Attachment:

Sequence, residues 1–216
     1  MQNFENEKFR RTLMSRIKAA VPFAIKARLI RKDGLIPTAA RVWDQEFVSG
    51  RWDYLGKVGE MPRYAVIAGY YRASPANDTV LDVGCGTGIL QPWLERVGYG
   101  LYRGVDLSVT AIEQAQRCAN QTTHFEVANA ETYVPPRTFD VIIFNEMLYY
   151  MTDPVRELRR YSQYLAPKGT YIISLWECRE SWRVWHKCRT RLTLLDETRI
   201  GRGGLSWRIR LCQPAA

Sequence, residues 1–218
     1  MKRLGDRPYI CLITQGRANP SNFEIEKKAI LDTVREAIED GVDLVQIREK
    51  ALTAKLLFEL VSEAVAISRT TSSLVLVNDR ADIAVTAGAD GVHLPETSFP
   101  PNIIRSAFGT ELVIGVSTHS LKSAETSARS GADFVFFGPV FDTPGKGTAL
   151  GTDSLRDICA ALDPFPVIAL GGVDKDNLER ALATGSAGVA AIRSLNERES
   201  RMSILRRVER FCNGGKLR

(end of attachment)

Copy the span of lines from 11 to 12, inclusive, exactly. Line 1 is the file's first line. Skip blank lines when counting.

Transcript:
   151  GTDSLRDICA ALDPFPVIAL GGVDKDNLER ALATGSAGVA AIRSLNERES
   201  RMSILRRVER FCNGGKLR